GPs and DWP-AtoS: ‘Picking up the pieces’ by Dr. Margaret McCartney FRCGP (Glasgow)



Dr Margaret McCartney, a GP in Glasgow, investigates the evidence-base behind the PR fluff
Dr Margaret McCartney, a GP in Glasgow, investigates the evidence-base behind the PR fluff

From: Dr Margaret McCartney Comments (13)

First Posted by: Margaret McCartney 20 November 2012

There can hardly be a GP in the land who has not noticed the mess that we are being invited to mop up over the Government’s work capability assessments.

The programme to reassess whether people on benefits are fit for work – as contracted out to the French technology company Atos at a cost of £100m a year1 – is creating distress in patients and additional workload for practices as many people are told to ask their GP for a letter to try and support their claim.


We are asked to fill in cursory forms that give space only for confirmation of the diagnosis; barely any space to describe the impact of illness on a patient. A doctor recently wrote in the BMJ about how difficult she found the process; how much worse is it for patients who are unused to form filling and bureaucracy?2

The fall-out for ordinary people is immense. Many people who have worked all their lives and who feel guilt and shame at being ‘burdens’ on the state find the process of claiming benefits humiliating and degrading.

There are multiple harms created for citizens that are going unmeasured – the ongoing stress of the uncertainty of the process has profound impacts on many people’s health.

The costs of this are not being borne by the company running the scheme; the NHS is bearing the brunt of them.

Earlier this year, the LMCs conference called for the process to be scrapped, saying it should be replaced with ‘a rigorous and safe system that does not cause avoidable harm to some of the weakest and most vulnerable in society’.

It is not a fair system (and there is copious evidence of its unfairness) and its failings will be borne by the most vulnerable. The stress caused by its inadequacies will be pushed on to the NHS.

Of the many people who appeal, some 38% win.1 People who have the help of agencies such as Citizens’ Advice are more likely to be successful at appeal – suggesting that the process does not favour people unfamiliar with the system.3

In October, Margaret Hodge MP, chair of the Public Accounts Committee, described the Government’s contract with Atos as ‘unacceptably loose and (permitting) loopholes that can all too easily be exploited by contractors’.4

Let’s hope the £400m contract Atos won in August to reassess people for the new Personal Independence Payment, which will replace the Disability Living Allowance, is not also full of similar ‘loopholes’.

I believe this will be a recurring problemas large Government contracts with the private sector become more involved in healthcare. Why on earth are we franchising out the care of our most ill to a profit-making system? We need to pull the plug on these contracts.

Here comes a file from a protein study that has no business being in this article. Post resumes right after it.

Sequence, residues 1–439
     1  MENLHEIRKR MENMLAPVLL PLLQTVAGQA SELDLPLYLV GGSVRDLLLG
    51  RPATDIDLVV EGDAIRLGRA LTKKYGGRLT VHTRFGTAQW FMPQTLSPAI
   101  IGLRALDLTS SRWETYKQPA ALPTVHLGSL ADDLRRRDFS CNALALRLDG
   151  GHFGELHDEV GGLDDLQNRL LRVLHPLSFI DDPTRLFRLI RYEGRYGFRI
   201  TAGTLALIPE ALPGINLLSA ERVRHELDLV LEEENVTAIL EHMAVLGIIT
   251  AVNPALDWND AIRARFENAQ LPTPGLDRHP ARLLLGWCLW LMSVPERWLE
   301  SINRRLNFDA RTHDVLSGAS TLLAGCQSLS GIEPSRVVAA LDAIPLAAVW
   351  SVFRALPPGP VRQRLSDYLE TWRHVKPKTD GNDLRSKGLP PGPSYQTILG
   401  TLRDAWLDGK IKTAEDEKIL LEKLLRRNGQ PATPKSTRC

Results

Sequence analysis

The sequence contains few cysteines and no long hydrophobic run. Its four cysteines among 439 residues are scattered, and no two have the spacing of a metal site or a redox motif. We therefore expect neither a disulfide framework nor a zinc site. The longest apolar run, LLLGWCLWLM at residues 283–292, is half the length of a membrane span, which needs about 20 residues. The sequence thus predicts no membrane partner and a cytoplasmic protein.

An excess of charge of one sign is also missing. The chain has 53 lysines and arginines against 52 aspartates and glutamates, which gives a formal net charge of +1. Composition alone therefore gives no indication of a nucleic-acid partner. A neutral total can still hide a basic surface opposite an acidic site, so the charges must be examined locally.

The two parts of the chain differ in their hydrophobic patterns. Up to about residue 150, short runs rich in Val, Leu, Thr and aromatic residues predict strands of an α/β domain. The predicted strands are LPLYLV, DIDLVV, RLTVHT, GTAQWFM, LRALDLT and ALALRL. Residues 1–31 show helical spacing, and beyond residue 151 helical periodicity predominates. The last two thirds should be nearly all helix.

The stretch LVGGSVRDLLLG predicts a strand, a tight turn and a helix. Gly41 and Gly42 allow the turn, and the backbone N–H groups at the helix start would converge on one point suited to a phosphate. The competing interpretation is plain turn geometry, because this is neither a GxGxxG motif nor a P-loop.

Dr Margaret McCartney is a GP in Glasgow


1 National Audit Office 2012, Contract management of medical services HC627. Published Oct.

2 BMJ 2012, It is too difficult for ill people to claim benefits. Published 30 Oct

3 BMJ 2012, UK Government’s contract with Atos is ‘unacceptably loose’, MPs say. Published 22 Oct

4 Public Service 2012, Hodge: DWP management contract is ‘easily exploited’. Published 22 Oct







4 thoughts on “GPs and DWP-AtoS: ‘Picking up the pieces’ by Dr. Margaret McCartney FRCGP (Glasgow)

  1. Michael says:

    Iv just failed my medical I have fibromyalgia,I.b.s hypertension,asthma,dermatitis ,carnt go far from home as ibs is not good ,iv got constant high pain all over my body I’m fit for work atos say an the stuff I put on form they contradicted said I’m fine ,my friend rote in saying he helped me regular they said he was lieing,he’s a self employed 54 year-old man ,

  2. jeffery davies says:

    it fails me that even gps who talk out about the atos dwp relationship isnt working and killing those who they supposed to be protecting ,its them that pay homage to money not people but then with their hands in the till when will we have politicians who will do the right thing and det rid of this lot before they kill us all jeff3

  3. Judith Desrosiers says:

    Perhaps its time the GP,s stood in the street to protest,because this must be affecting their hippocratic oath,when they feel the form is inadequate,and so they are unable to do the job which they studied so long for,to try and make the GP,s yet more scape goats and do the governments dirty work is such a low down trick,and should be a matter of the strongest protest from BM employees,it is indeed almost a form”(pardon the pun) of bullying for GP,s and those who do charge,well that is their right to do so,I suppose,where as myself as a GP,I would totally object to being party to this nonsense and waste of time and resources,not to mention causing a drift in the community which is becoming so apparent ,thats what the government are aiming for

  4. RMC says:

    I think I found a GP who hasn’t noticed the ‘Atos effect’ … my own sadly. I have chronic depression, and a whole raft of physical symptoms that they’re still investigating … slowly (apparently it could be anything from CFS to MS). When I mentioned to them that I was due to see Atos, their response was that maybe they would be able to diagnose/investigate my problems … they honestly thought it was a proper medical exam that would have aftercare, follows-ups, etc. Atos however, on hearing of the possible diagnoses that are being considered, quickly stopped my original assessment and said ‘come back when your GP has all the results’, promptly giving me an appointment for 4 weeks later, which we all know will produce nothing on ‘NHS time’. Between the two, what chance have I got?

Leave a Reply